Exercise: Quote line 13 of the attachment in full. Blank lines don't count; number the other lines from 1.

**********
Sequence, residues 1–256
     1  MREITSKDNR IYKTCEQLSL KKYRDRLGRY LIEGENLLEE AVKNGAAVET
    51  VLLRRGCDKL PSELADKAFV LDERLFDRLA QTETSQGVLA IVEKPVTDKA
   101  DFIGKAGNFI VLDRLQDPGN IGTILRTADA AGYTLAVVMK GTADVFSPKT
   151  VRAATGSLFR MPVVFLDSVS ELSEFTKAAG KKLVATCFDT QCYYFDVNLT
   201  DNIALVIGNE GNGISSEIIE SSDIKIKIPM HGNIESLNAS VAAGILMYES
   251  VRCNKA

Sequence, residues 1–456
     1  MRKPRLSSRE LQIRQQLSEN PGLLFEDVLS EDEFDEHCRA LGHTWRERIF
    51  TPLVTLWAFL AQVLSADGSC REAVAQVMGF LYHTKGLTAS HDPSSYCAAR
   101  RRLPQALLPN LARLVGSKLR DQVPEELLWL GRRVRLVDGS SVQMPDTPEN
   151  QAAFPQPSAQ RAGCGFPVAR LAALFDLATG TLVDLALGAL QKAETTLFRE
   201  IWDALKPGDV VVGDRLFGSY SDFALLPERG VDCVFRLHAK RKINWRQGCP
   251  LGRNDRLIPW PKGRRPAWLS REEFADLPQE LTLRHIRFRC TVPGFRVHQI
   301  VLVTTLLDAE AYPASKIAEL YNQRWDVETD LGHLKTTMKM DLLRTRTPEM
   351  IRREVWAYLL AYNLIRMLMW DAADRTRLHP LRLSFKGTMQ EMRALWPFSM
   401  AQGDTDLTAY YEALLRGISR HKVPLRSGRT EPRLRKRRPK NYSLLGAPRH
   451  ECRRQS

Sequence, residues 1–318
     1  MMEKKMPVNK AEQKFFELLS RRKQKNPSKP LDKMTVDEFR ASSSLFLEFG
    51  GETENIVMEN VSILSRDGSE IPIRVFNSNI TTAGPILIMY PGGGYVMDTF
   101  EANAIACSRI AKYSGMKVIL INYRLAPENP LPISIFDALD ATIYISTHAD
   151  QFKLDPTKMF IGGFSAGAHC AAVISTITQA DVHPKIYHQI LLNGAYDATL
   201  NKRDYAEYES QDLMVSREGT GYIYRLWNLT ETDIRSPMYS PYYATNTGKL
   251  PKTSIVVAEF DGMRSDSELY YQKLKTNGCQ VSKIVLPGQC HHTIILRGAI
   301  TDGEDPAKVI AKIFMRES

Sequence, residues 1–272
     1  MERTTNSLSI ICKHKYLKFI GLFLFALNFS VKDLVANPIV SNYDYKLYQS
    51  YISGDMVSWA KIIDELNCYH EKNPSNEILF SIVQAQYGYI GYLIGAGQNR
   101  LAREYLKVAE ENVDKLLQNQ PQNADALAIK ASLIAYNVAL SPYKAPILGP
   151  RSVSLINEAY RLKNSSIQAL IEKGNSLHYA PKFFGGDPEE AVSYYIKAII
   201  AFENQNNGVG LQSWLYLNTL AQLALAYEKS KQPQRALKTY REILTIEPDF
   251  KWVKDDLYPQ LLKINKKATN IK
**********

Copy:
   201  IWDALKPGDV VVGDRLFGSY SDFALLPERG VDCVFRLHAK RKINWRQGCP